Paul Dourish's "Where the Action is" is possibly one of my favorite books. The book's thesis is that as computers have developed, our interactions with them have changed in nature and have progressively become more "embodied." Dourish divides the history of computer systems into 4 successive time-periods based on the mode of interaction:
- Electrical: To program a computer, one had to rewire its hardware.
- Symbolic: Abstraction was introduced and separated hardware from software. Abstraction meant that coding got progressively simpler: from machine language to assembly language to high-level Fortran-like languages.
- Textual: This refers to the development of command-line interfaces. These, for the first time, made interacting with the computer, seem like a "conversation."
- Graphical: Finally, there was the development of the graphical user interface (GUI) with its desktop metaphor and 2-dimensional arrangement of files and icons. The 2-dimensionality of the GUI meant that users were able to exploit "further areas of human ability as part of the interactive experience." This meant the use of faculties such as peripheral attention, pattern recognition and spatial reasoning.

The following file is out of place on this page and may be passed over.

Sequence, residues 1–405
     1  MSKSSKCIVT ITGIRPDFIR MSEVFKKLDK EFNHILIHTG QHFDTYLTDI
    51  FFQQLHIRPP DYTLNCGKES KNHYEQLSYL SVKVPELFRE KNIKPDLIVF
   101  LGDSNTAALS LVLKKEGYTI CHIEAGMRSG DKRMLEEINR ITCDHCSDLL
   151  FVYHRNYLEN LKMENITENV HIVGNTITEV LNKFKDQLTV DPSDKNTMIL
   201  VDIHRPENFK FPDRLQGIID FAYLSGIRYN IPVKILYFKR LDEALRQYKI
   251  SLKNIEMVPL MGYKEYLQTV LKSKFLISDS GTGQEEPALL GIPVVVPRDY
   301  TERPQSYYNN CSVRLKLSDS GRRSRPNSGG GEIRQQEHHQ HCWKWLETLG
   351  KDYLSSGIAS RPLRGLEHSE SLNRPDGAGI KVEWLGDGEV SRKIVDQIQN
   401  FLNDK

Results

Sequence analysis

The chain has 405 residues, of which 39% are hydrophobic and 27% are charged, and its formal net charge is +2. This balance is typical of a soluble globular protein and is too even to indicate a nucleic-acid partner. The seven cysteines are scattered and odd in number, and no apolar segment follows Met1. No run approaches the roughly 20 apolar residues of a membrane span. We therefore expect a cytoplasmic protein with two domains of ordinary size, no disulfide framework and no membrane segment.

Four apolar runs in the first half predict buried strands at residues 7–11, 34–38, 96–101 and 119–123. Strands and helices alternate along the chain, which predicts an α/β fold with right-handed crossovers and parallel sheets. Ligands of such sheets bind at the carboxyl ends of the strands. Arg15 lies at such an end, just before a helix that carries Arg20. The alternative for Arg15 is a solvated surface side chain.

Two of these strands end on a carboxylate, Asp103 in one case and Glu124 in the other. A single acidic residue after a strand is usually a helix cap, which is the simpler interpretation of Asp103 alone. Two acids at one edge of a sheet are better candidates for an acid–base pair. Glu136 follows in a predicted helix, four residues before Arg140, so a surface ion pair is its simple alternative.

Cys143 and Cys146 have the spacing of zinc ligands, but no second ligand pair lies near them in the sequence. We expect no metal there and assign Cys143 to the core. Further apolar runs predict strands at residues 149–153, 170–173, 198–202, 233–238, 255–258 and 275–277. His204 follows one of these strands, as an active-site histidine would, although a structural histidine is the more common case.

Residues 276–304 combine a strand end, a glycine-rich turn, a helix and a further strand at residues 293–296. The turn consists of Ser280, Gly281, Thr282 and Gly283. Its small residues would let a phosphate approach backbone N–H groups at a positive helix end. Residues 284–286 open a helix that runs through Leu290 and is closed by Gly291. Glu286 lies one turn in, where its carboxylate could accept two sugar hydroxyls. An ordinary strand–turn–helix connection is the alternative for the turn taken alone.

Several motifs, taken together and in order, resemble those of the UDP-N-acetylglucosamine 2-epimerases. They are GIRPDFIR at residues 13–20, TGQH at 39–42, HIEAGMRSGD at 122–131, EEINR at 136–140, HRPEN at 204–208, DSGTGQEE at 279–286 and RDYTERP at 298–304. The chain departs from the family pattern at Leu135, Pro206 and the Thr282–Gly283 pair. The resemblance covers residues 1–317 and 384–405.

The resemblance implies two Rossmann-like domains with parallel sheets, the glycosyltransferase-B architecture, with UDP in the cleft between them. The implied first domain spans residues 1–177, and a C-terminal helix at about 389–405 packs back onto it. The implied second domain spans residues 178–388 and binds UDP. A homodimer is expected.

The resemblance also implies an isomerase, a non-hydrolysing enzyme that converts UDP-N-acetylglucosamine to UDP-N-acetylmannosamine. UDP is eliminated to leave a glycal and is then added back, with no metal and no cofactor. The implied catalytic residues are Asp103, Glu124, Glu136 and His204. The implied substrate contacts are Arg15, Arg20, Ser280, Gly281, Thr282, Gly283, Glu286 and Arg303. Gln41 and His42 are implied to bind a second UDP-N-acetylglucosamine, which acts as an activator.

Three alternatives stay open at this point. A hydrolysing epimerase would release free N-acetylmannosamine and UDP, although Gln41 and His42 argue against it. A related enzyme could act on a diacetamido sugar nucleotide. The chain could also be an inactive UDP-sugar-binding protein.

There is another aspect to embodied interaction that has slowly come to my attention as I have been trying to teach my Dad to use computer software (email, Picassa, certain websites, etc.). It involves what I call its teachability.
Let me give some background. My father worked during a time when computers were not such a ubiquitous part of the everyday work environment. In particular, he worked at a time when there were special people who did computer work -- and therefore not everybody needed to use the computer. More so, the computer was used for what can be called high-tech scientific stuff; it wasn't used at all for the mundane things at work: sending emails/memos, for filling up your time-sheets, submitting vouchers for reimbursement, etc.